Throughout all the years that I have advocated for the importance of good data visualization within business intelligence, I've done so with the understanding that ultimately it's not a matter of life or death. However, it is the difference between making bad and great decisions. Which in turn can mean the difference between the life and death of your company. Or, as you'll see later on, your job.
Normally I'm not a pessimistic person (just ask all my customers or my boss when I estimate tasks), but I feel that it is important to highlight the consequence of using poor data visualization when making important business decisions. Good data visualization uncovers and exposes your data while poor or no data visualization hides and disguises your data.
I've outlined my 10 best practices for great data visualizations here on the blog.
When data is hidden from sight or you are not aware you have it, making good business decisions becomes increasingly more uncertain and less data driven. Inevitability it gives a false sense of security and leaves your decisions open to more risk that you may have intended.
There are two parts to address here. First, not being aware that the data exists. Second, not being able to find the relevant data when the time comes to use it.
In this post, we will look at how data visualization can enhance your awareness of the data available and its importance to business decisions and a successful BI strategy.
You can download the guide to a better BI strategy here.
Over the last few years, I have been using a technique that has helped me gain a deeper insight into business data and its importance to business decisions. It is a technique that I call "scattering the data." I don't mean throwing it up in the air and hoping that is lands with all the answers facing up. Although I have never tried that and you never know, it might work ;)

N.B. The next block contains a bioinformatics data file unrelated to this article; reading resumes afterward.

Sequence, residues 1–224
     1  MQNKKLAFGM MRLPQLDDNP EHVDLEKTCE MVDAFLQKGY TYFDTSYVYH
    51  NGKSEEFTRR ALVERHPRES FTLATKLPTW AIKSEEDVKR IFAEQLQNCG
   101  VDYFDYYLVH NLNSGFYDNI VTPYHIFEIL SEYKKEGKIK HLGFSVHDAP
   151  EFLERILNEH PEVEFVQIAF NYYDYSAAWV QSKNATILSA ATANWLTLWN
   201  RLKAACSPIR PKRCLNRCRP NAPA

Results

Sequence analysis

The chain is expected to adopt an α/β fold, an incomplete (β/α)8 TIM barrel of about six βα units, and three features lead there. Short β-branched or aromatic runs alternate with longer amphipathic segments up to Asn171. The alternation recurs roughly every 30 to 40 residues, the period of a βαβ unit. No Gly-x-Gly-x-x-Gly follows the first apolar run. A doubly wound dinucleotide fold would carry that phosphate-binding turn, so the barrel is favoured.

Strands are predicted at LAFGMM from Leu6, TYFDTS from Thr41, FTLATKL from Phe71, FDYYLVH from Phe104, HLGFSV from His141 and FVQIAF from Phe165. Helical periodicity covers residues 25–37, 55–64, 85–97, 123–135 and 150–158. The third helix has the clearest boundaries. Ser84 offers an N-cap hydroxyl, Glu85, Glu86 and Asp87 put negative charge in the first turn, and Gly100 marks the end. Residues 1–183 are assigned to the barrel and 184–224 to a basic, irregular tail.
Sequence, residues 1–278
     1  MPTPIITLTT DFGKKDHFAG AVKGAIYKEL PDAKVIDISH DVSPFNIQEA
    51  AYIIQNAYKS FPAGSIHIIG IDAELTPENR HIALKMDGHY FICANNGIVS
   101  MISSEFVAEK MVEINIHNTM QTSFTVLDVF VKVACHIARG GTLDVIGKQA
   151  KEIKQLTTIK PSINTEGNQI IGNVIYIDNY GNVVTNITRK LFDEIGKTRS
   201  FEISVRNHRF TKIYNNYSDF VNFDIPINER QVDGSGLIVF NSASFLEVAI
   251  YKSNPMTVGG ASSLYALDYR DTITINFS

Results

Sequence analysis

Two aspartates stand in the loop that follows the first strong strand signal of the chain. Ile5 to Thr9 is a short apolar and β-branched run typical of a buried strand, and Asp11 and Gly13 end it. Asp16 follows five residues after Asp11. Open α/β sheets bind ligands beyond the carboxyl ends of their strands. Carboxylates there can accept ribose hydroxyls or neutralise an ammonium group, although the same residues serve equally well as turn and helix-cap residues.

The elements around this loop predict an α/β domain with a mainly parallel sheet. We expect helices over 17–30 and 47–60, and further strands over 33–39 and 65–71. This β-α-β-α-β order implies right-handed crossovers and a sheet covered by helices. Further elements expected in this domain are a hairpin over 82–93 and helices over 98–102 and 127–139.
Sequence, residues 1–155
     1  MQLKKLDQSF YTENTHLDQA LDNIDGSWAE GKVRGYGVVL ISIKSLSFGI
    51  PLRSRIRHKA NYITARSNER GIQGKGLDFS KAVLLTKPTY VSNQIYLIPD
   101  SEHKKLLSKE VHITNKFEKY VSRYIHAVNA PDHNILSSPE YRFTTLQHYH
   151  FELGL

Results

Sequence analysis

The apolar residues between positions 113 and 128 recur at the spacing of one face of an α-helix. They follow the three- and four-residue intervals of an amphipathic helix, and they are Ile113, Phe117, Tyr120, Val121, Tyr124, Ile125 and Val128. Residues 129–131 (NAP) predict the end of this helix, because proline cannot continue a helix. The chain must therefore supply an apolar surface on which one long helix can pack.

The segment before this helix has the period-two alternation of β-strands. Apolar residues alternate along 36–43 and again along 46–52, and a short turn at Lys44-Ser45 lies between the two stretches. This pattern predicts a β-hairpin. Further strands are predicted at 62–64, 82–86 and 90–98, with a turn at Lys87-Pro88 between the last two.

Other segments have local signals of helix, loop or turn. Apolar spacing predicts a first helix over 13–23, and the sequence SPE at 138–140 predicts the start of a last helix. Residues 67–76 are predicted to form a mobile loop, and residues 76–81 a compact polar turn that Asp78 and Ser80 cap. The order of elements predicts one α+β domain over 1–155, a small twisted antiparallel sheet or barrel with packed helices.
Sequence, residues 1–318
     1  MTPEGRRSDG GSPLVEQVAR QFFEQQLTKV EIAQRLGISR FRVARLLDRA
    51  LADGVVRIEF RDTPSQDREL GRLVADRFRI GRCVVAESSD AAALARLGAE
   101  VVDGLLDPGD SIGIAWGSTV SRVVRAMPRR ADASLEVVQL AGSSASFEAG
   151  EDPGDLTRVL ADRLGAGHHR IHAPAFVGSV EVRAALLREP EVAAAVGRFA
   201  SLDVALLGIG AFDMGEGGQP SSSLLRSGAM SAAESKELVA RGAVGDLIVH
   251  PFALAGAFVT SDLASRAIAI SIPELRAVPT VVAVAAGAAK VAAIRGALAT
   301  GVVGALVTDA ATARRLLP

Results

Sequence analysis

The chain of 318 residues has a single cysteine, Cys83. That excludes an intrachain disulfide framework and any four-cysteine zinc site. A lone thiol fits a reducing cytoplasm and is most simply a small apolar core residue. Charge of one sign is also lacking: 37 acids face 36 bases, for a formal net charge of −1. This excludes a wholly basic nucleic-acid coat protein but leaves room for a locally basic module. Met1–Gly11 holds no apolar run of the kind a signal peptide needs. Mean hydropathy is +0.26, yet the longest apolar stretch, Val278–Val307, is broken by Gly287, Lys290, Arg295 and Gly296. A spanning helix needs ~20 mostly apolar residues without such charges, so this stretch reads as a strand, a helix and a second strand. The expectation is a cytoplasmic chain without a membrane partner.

Rather, I'm referring to one of data visualization's underestimated tools: the Scatter Chart. The Scatter Chart allows you to confirm the relationships in your data that you already knew existed. And, even more importantly, it helps find relationships you didn't know existed. Being aware of hidden relationships can mean the difference between a bad and a great decision.
What is it a Scatter Chart?
The purpose of a Scatter Chart is to show the type of relationship -- often called "correlation" -- which exists between two sets of data points. A Scatter Chart's correlation can have three states: positive, negative, or no correlation. Each of these relationship states tells you something important about your data.
Just to be sure you understand, let's have a look at the three different relationship results.
Positive Correlation: As the number of Transactions grow so too does the Revenue.
Negative Correlation: As the Quality Index increases the number of Rejects decreases.
No Correlation: The Average Unit Price does not affect the number of Transactions.
Let me tell you about a situation were poor data visualization led to bad decisions and the impact that these decisions had.
A retail company's branch manager was told by head office at the beginning of the year that his branch had to increase the yearly profit margin by 2 percent. In an attempt to find areas within the branch where costs could be cut and sales increased, the branch manager turned to their BI software in order to make data-driven decisions. I would normally say that this would be a great start to the decision-making process, but the decision this branch manager took would result in a negative profit margin growth for the year.
Breaking down the decision-making process, we understand why it went so wrong and gained a greater insight into how poor data visualization can blind you when making important decisions.
First, the branch manager looked into all the costs that were in their power to reduce. After looking at costs such as employee salaries, rent, assortment, and scheduled discounts/campaigns, it was decided that schedule discounts/campaigns was a good place to start.
After surveying the Discount Management analysis in TARGIT, the branch manager saw that last year's discount amount of $615,063.00 was just over 2 percent of last year's total revenue. Problem solved!
After looking at the distribution of revenue and discounts per week over the last year, it seemed that there was no direct link between revenue and discounts.
So the branch manager stopped all discounts, promotions, and campaigns. But a year later revenue was down over 5 percent and head office was looking for a new branch manager.
What the branch manager failed to uncover was that there was a positive correlation between discounts and revenue. If the branch manager had only scattered the data on a Scatter Chart, he would have seen this and maybe taken another decision.
Now I'm not saying that knowing this alone would have led to a better decision, but not knowing it definitely contributed to making a bad decision.
When the new branch manager starts, they'll have a new Discount Management analysis that includes a Scatter Chart so they'll be able to see the same data from different viewpoints, helping them make better, data-driven decisions.